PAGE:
Perhaps most importantly, detailed records at the PA headquarters in Ramallah and district centers provided invaluable intelligence on PA order of battle and arrangements with collateral organizations such as the Hezbollah and al Qaida. And with th ese records in hand, cadres were located, captured, interrogated and their effectiveness destroyed or severely limited. This now leaves the Israelis free to go after the Syrian-supported Hezbollah and their occupied province of Lebanon with little fear of being outflanked by the PA.
The Palestinians, of course, have been used by Arab powers from the Saudis to the Libyans, Syrians, and Iraqi for 40 years as a way to throw U.S. policy off balance by destabilizing Israel.
But now this option will not be open to Iraq's Saddam Hussein as the American assault opens on his regime.
If Saddam wants to send an explosive missile into Israel he will have to make that decision on his own and take the consequences. He has pretty much lost the option of a more sympathetic explosive package delivered by Arafat[Thomas Lipscomb] , like a teenaged girl carrying a bomb . Now there will only be a limited number of Palestinian martyrs suited up with bombs able to make it to their targets in Israel.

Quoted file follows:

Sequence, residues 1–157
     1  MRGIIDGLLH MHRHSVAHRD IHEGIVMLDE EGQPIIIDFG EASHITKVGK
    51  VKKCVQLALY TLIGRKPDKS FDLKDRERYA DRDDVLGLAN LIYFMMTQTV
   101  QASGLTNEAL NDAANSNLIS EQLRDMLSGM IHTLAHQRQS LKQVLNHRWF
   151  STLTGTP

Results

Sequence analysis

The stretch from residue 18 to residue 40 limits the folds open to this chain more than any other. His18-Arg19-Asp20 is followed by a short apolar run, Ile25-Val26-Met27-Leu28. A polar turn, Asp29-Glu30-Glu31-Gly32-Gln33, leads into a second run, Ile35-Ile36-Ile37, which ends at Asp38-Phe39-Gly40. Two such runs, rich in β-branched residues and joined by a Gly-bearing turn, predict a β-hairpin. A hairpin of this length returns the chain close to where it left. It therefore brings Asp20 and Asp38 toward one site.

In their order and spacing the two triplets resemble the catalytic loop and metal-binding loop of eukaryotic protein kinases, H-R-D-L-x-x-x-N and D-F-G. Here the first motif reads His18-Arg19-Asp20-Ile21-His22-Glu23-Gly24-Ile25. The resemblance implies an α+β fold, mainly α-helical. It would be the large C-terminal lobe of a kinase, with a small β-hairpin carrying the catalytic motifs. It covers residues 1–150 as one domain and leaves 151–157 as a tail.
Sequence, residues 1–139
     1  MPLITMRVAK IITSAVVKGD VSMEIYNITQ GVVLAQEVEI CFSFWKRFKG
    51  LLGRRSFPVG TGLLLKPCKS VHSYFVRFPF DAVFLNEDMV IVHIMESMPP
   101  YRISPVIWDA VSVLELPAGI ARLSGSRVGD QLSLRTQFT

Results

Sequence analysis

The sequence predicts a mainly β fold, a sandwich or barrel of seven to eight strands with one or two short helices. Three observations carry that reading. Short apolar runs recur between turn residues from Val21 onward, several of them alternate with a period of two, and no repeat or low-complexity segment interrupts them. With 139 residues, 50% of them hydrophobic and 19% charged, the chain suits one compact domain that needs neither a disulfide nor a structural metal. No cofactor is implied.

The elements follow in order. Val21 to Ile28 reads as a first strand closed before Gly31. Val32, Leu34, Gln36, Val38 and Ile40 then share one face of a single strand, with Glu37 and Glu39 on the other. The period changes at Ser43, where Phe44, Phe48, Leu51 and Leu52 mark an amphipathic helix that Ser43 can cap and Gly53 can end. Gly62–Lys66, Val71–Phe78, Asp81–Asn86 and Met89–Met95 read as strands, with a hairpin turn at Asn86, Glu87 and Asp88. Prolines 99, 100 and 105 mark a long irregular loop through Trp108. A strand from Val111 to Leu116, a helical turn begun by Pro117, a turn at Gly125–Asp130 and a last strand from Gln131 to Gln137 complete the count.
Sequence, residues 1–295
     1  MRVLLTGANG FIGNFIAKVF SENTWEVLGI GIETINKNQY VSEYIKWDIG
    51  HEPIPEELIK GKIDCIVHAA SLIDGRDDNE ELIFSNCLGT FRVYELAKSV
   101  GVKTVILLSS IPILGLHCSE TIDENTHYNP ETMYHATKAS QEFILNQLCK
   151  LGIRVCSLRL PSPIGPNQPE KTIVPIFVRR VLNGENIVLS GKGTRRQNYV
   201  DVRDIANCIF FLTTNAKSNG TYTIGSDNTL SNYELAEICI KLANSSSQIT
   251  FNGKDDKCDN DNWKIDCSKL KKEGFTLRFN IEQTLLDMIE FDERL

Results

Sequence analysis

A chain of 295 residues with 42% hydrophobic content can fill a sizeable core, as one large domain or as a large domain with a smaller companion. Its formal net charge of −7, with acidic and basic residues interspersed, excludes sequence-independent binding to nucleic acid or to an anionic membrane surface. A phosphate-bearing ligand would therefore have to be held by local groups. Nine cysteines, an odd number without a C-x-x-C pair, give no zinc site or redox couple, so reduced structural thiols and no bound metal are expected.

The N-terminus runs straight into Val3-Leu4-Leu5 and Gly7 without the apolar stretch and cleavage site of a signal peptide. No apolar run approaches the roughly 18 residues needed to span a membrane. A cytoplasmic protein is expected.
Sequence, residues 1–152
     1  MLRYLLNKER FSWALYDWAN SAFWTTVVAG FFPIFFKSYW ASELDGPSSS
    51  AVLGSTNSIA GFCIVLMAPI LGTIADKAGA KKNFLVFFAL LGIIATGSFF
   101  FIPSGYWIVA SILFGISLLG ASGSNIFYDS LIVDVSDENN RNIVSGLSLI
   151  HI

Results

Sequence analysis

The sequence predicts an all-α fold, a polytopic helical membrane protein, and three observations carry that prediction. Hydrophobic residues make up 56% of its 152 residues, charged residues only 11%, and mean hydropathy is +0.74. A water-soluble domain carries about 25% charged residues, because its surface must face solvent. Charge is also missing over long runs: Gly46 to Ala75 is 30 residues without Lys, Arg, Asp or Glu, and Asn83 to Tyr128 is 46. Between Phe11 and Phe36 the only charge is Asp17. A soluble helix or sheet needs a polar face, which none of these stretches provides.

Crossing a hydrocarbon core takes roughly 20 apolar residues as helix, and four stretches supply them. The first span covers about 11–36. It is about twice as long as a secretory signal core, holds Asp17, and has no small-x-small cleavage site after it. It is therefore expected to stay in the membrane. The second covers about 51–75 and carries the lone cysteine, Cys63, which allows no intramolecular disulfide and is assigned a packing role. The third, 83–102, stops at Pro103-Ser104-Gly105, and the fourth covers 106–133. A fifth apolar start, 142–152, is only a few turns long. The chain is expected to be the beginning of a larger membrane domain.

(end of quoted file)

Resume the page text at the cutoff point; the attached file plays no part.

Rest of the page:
At a meeting at the Council on Foreign Relations this spring, two former chairmen of the joint chiefs of staff, Gens. John Vessey and John Shalikashvili snorted with derision at the naiveté of questions about the "terrible casualties" being experienced in Bush's "War Against Terror." And, of course, compared to World War II and Vietnam, the U.S. casualties in Bush's campaign in Afghanistan and Sharon's in the PA territories barely total the crash of a commuter airliner.
Ironically, both the Bush Administration's detractors and supporters miss the real nature of this war. It is not the war the Left wishes to view as destroying indigenous Islamic regimes in favor of American globalization. Any products in this region like oil were already totally accessible to global markets well before it began and continue to be.
Nor is it the war the Right hopes will replace tin-pot dictatorships with more democratic governments. America's ally, Pakistan's President Pervez Musharraf, just provided a helpful reminder of that as he neatly reinstalled himself with no opposition.
What the world is seeing is America's first "oriental war." An Antonine emperor of Rome or a British Viceroy of India would recognize it instantly.
It is not necessary to govern Parthia or Afghanistan or Kaffiristan. It is only necessary to make sure Parthia or Afghanistan do not have the power to disturb areas of strategic importance.
Always use local troops like the Northern Alliance or the Israelis for the dirty work, so the locals keep focused on the benefits of imperial alliances and the fruits of provincial politics. Only deploy imperial troops in crushing force when a major threat is encountered. And with a lot of lies, the liberal use of bribery, and a surprisingly few soldiers, it is possible to play this game for centuries.